Good Guys Wear Black is one of very few movies to explicitly discuss the Phoenix Program – a Vietnam-era behind enemy lines assassination program mostly run by the CIA. The killings ran into the tens of thousands, with over 20,000 later recognised to be civilians with no meaningful role in the war. In context, Phoenix makes the drone program look like video games, but somehow, the producers of Good Guys Wear Black managed to borrow a US Army helicopter.
This one came from the suggested by a listener file, i.e. my email inbox, and I’m very glad they pointed it out. Chuck Norris is excellent as a mild-mannered peacenik professor who used to work for the CIA’s Phoenix Program. At the end of the war, the chief US negotiator makes a deal with his Vietnamese counterpart for the release of CIA POWs in exchange for leading Chuck Norris’s team – the Black Tigers – into a trap. But Norris springs the trap and escapes through the jungle with several members of his team.
Years later, he is drawn back into the world of kicking ass (with the emphasis on kicking) when the negotiator, now the would-be Secretary of State, has to make good on the deal in order to get the big job. Members of the Black Tigers start getting wiped out, so Chuck and a foxy newspaper journalist digging into the Phoenix Program set out to find the culprits. Numerous ass kickings later they trace the plot back to the Secretary of State designate, and enact a suitable revenge. Norris wears brown bell bottom flairs throughout.
The US Marine Corps and Good Guys Wear Black
Where things got a little weird is that the same day this film was recommended to me, I was flicking through some old Marine Corps entertainment liaison office reports covering 1977-78, when the film was made. It is clear from the first entry that contact had been made prior to the period covered by the documents, but nonetheless the tale is revealing. In January 1977:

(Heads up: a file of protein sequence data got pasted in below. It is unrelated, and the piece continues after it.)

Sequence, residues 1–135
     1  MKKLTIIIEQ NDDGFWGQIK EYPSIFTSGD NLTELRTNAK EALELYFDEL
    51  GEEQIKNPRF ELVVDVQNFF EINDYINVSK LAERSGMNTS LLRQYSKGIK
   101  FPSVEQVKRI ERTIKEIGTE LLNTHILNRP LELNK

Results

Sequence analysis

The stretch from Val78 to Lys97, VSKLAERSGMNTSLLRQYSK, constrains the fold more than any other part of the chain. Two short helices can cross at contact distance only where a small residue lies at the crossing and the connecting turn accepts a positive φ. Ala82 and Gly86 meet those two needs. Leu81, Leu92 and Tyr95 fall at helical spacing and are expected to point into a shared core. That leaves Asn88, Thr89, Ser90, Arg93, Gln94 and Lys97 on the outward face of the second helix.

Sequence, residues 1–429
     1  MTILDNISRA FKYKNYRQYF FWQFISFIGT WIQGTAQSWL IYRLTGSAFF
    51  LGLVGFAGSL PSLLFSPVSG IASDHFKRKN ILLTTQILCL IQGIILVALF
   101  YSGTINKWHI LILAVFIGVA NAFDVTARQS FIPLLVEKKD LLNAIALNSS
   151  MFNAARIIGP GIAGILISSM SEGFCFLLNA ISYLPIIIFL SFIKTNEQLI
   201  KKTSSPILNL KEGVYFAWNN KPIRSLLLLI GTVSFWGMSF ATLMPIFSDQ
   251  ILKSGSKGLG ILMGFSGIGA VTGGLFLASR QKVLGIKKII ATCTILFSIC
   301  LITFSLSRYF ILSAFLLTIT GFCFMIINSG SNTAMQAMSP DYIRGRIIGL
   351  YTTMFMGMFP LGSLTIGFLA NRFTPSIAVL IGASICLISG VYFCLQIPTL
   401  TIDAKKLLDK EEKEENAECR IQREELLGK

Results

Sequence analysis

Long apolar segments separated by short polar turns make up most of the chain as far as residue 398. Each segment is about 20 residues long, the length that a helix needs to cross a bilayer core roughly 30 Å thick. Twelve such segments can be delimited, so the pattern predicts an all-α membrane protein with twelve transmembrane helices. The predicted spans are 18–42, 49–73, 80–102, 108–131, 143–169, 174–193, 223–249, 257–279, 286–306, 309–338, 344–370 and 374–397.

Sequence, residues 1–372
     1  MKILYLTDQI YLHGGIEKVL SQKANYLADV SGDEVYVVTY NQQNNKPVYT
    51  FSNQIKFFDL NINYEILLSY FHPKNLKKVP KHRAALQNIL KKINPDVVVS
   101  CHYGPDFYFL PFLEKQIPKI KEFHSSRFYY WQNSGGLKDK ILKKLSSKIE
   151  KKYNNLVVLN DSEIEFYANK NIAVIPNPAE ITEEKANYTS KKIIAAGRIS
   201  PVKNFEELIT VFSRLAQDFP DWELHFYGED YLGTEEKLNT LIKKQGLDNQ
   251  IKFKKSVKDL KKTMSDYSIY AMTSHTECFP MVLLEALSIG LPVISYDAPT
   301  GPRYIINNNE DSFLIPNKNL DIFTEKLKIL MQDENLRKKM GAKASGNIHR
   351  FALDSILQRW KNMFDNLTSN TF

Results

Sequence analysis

Staff member escorted Mr. Joel Westbrook of Mar Vista Productions to Camp Pendleton for the purpose of finding suitable locations for filming of upcoming motion picture “Good Guys wear Black.” Movie deals with rescue of POW’s by helicopter assault from a North Vietnamese compound. Film does not depict any particular U. S. Military service. With the assistance of Camp Pendleton‘s Natural Resources Office, Mr. Westbrook found two locations suitable for his needs. A letter requesting the use of those locations and the use of four CH—46 Helicopters for four nights during first part of April is forthcoming with copies of the script which will be forwarded to Audiovisual Division OASD/PA.
To be clear – the rescue takes place right at the start of the film and the story isn’t really about that, it’s about a hunter becomes the hunted assassination plot happening several years after the war. It is true that no specific military service is portrayed, because the guys all work for the CIA, not the military.
So it seems that Westbrook was trying to pull a fast one – getting the DOD and Marine Corps to believe the film was all about the rescue, rather than about very dirty warfare. It seems he never submitted the script (likely knowing it would get a rejection) because the next entry, at the end of February, says:
Provided assistance to OASD—PA, Mr. Don Baruch regarding Mar Vista Productions, “Good Guys Wear Black.” Coordination with producer Joel Westbrook indicated that they no longer require Marine Corps stock film footage of CH—46 helicopters. Westbrook has contacted USA [US Army] regarding using “Huey” helicopters.
Some time later, at the start of June, the final entry in the Marine Corps reports shows they provided only minor research assistance:
“Good Guys Wear Black” Film is about a U.S. attempt to rescue American POW’s from an NVA compound just north of the DMZ. Assistance consisted of providing general information about Vietnam and providing a copy of Benjamin F. Schlemmer’s book The Raid. Film does not depict USMC or any particular U.S. military service.
However, the US Army are thanked – not at the end of the movie, but on IMDB. It seems the helicopter that flies the Black Tigers into position for the rescue operation (which turns out to be a trap) was loaned to the film-makers by the Army.
Thus, it would appear that Westbrook and the others behind Good Guys Wear Black managed to sneak one past the Army, if not the Marine Corps and Don Baruch at the DOD. The conflict in the story is between the would-be Secretary of State, who is a vile, cynical ‘ends justify the means’ type and a good-hearted, only draws his gun when he has to type in Chuck Norris. If anything, it’s an anti-war, even anti-US imperialism tale, set in the real world and making reference to real life covert operations that killed close to a hundred thousand people.
Needless to say, this is not the sort of the thing the Army would typically support.